The Christians (Traverse Theatre, Edinburgh)

Lucas Hnath’s play begs a big question about religion and belief

Lucy Ellison and William Gaminara in The Christians
Lucy Ellison and William Gaminara in The Christians
© Mihaela Bodlovic

Religion is big business in America. "This church," says the Southern pastor, preaching out to us, his congregation, "is a massive corporation." Under his tenure, it has grown exponentially. It's new premises seats thousands. It has a coffee shop and a bookstall. Today, the pastor adds, it has paid off its mortgage.

Lucas Hnath's begs a big question about belief — which is the more important: integrity or consensus? Ought one to stick to your convictions, regardless of how many people share them, or the size of your congregation matter more than the small print? That feels particularly pertinent this summer, with the Labour party split between its core values and electability. Do we want out representative leaders to lead or to represent?

William Gaminara's Pastor opts to mark the end of debt by announcing an epiphany, namely, that hell exists only as a metaphor. It's not a position shared by his conservative Associate (Stefan Adegbola) nor, when it's put to a vote, by many of his flock, who break away to form a new church. One chorister (Lucy Ellinson) wants to know why he waited until donations had cleared the debt before making the sermon. Even his wife (Jaye Griffiths) voted against him and her husband takes his professional frustrations out on her at home: a private argument played, very deliberately, as a public debate.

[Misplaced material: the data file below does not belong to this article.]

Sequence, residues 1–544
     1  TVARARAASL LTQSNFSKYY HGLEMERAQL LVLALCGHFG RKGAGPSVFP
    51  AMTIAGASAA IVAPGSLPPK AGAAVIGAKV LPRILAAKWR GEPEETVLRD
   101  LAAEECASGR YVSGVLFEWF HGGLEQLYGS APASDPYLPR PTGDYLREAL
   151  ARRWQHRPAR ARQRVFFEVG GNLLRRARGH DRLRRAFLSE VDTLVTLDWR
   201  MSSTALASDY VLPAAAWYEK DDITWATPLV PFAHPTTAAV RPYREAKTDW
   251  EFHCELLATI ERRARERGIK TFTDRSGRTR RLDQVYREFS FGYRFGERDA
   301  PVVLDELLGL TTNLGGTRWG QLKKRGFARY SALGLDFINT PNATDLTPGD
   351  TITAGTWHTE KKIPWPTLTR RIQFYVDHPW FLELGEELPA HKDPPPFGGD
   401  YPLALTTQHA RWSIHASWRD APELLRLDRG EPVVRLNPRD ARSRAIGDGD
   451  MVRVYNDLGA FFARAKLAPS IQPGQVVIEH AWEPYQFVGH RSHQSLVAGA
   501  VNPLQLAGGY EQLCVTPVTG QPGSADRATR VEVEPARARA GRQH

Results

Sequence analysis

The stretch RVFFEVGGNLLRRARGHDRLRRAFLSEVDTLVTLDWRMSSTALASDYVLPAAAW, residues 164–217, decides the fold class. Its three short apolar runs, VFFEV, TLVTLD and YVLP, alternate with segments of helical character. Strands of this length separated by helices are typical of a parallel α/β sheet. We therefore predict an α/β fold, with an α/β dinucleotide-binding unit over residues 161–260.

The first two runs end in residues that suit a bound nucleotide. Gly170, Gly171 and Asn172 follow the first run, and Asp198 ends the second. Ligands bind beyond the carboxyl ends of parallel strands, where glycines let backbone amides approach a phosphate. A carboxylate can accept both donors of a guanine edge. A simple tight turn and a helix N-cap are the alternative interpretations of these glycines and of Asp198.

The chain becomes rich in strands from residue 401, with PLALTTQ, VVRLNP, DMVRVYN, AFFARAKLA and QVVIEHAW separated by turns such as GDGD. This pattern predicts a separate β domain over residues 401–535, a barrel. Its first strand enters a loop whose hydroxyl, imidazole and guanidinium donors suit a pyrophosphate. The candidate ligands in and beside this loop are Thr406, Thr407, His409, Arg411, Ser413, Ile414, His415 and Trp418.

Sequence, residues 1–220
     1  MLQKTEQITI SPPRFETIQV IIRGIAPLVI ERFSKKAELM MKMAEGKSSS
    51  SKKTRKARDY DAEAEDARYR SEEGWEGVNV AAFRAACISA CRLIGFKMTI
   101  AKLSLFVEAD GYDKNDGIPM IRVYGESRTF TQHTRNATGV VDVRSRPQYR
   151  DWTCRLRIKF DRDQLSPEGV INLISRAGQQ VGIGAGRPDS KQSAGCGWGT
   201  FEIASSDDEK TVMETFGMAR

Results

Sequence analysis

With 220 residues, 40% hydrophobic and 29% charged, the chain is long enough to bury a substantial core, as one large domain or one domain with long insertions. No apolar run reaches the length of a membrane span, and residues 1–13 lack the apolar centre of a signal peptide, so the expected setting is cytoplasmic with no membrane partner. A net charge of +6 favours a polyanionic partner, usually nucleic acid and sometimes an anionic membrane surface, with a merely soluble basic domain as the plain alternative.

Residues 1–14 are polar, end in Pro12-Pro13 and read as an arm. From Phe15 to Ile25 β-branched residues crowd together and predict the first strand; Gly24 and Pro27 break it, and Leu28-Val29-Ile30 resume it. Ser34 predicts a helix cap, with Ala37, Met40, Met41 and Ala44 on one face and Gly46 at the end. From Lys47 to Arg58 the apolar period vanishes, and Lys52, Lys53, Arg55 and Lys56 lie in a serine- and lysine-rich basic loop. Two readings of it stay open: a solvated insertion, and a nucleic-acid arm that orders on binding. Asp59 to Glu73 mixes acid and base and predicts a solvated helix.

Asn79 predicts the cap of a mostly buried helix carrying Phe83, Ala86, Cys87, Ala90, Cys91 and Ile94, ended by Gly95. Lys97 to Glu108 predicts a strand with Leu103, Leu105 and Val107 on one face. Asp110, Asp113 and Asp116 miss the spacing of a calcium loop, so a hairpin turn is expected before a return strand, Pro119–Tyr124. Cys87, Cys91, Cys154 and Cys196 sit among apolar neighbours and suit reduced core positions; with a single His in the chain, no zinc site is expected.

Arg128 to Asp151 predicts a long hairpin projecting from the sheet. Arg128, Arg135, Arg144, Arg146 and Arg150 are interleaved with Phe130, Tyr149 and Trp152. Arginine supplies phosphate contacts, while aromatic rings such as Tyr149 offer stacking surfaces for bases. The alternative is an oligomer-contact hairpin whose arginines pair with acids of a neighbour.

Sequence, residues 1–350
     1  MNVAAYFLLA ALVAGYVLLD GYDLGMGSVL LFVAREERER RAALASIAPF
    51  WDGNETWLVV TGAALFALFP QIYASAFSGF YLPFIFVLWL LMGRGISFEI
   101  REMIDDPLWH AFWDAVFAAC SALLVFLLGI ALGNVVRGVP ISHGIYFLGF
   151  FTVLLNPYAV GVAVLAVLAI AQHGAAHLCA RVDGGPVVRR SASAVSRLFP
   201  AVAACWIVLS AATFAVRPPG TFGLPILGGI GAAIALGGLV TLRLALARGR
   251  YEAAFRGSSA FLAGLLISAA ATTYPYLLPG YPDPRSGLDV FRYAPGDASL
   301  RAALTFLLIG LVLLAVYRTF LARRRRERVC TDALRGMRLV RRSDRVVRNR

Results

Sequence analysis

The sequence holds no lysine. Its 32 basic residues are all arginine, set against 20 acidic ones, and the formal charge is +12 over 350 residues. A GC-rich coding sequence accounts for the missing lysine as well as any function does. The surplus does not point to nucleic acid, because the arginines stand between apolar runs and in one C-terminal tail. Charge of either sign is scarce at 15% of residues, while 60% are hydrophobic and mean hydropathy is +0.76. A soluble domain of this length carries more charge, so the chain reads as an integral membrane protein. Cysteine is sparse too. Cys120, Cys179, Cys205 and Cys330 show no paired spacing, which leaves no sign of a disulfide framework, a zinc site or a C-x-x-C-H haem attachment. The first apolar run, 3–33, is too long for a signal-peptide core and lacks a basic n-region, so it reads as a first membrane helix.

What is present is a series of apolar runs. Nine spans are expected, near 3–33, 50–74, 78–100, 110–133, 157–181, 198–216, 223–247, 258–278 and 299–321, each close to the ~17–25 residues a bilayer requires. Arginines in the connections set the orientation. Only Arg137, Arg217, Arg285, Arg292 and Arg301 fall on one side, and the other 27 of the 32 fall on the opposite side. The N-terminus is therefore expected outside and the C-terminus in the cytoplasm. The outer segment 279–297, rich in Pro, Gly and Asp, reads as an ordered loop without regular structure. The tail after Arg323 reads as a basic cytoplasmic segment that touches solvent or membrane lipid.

It's a sober play, unleavened with humour and often dry as a communion wafer, but it is an important one. Hnath's writing about Christianity, for sure, and the specific tussle between liberalism and literalism feels as contemporary as ever, but beneath, it's a metaphor for democracy in process. (Their faith is crucial: it allows us to accept that both sides have decent intentions, and puts the debate, not the debaters, centre-stage.)

It's telling that Oliver Townsend's design places the Pastors on a raised platform, speaking into microphones, and Christopher Haydon's production makes clear that this is also a play about privilege. Hnath pushes for multiplicity: the Pastor's wife hopes to offer a counter position in-house at her own Bible Studies group. Can a corporation contain contradictions? Can society?

The Christians runs at the Traverse until 30 August, after which, it will transfer to the Gate Theatre, London, 8 September to 3 October.